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Monday, March 07, 2005

Embedded advertising case study

In a world where most advertising has low ROI (except for text links clearly labeled as advertising), I have been a big proponent of embedded advertising. (Related article: General Motors embraces embedded advertising) So I am always looking for good examples and I think one advertising model that I like is a television program "Queer Eye for the Straight Guy" and its sister programs like "Queer Eye for the Straight Girl."

Embedded advertising takes product placement one step further. The product is part of the story and is clearly a topic of discussion. In many cases, the actors may even "recommend" the product rather than just "inform." While some may argue that these programs are like infomercials, I disagree. The reason is that these programs also include the other two Es of advertising -- educate and entertain. Consumers want to receive information/recommendation on what they can do to make their life better/simpler but television/radio ads cut back the time for entertainment, banner/popup ads are obnoxious, and infomercials over-sell without entertainment.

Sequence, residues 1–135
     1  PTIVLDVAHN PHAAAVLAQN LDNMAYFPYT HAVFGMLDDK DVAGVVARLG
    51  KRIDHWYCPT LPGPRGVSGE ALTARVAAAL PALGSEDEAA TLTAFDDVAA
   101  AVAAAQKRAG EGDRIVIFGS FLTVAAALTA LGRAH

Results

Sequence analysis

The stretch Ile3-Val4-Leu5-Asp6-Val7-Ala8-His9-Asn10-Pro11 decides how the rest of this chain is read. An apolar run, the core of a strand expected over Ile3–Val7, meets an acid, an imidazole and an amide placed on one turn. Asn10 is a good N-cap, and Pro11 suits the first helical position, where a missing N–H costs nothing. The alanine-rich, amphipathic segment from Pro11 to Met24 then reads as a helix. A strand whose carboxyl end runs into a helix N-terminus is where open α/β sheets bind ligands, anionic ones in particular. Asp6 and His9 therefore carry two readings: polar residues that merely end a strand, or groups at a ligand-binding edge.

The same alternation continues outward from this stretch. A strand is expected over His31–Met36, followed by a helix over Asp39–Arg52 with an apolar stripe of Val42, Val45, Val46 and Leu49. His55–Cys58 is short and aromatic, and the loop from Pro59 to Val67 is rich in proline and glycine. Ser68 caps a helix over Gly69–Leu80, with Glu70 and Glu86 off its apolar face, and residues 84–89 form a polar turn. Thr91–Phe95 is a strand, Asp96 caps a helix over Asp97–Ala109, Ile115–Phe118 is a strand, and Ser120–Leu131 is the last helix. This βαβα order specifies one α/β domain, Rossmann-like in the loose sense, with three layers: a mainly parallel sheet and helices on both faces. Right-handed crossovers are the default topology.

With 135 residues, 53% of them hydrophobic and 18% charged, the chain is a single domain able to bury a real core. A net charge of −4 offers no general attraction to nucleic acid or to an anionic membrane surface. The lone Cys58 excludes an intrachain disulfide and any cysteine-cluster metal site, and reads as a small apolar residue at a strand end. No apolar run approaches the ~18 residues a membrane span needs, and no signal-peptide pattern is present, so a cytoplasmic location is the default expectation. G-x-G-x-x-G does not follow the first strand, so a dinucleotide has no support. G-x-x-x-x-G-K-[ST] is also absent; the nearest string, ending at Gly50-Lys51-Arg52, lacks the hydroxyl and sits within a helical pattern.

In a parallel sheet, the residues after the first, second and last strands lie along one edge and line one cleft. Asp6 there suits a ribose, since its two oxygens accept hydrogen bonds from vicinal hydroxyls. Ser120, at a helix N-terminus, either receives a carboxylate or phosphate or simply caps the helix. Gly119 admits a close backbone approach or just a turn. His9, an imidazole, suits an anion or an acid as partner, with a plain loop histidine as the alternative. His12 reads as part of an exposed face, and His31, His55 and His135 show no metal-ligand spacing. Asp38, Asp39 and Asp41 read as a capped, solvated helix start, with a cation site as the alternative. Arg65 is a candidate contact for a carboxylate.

How to develop an embedded advertising strategy?
  1. Find out how your product/service makes life better for the user. ("Crest Whitestrips make your teeth whiter without spending hundreds of dollars on a dentist and you can use them any time you want. So they are ideal for a woman who wants to have a makeover.") And then see how it fits into something entertaining (e.g. a reality TV program) or educational (e.g. whiter teeth makes a woman attractive).
  2. Make it subtle. I think the visit by Dr. Perricone on the program suggesting his own skincare products was in poor taste and bad embedded advertising strategy. Consumers are smart enough to figure out. As long as they can connect the dots, you will be a winner.
  3. Do not have embedded and traditional advertising in the same place. Actually P&G may not be exploiting the full benefits of embedded advertising on the program by having a regular commercial.

Recommended article: How to change advertising strategy?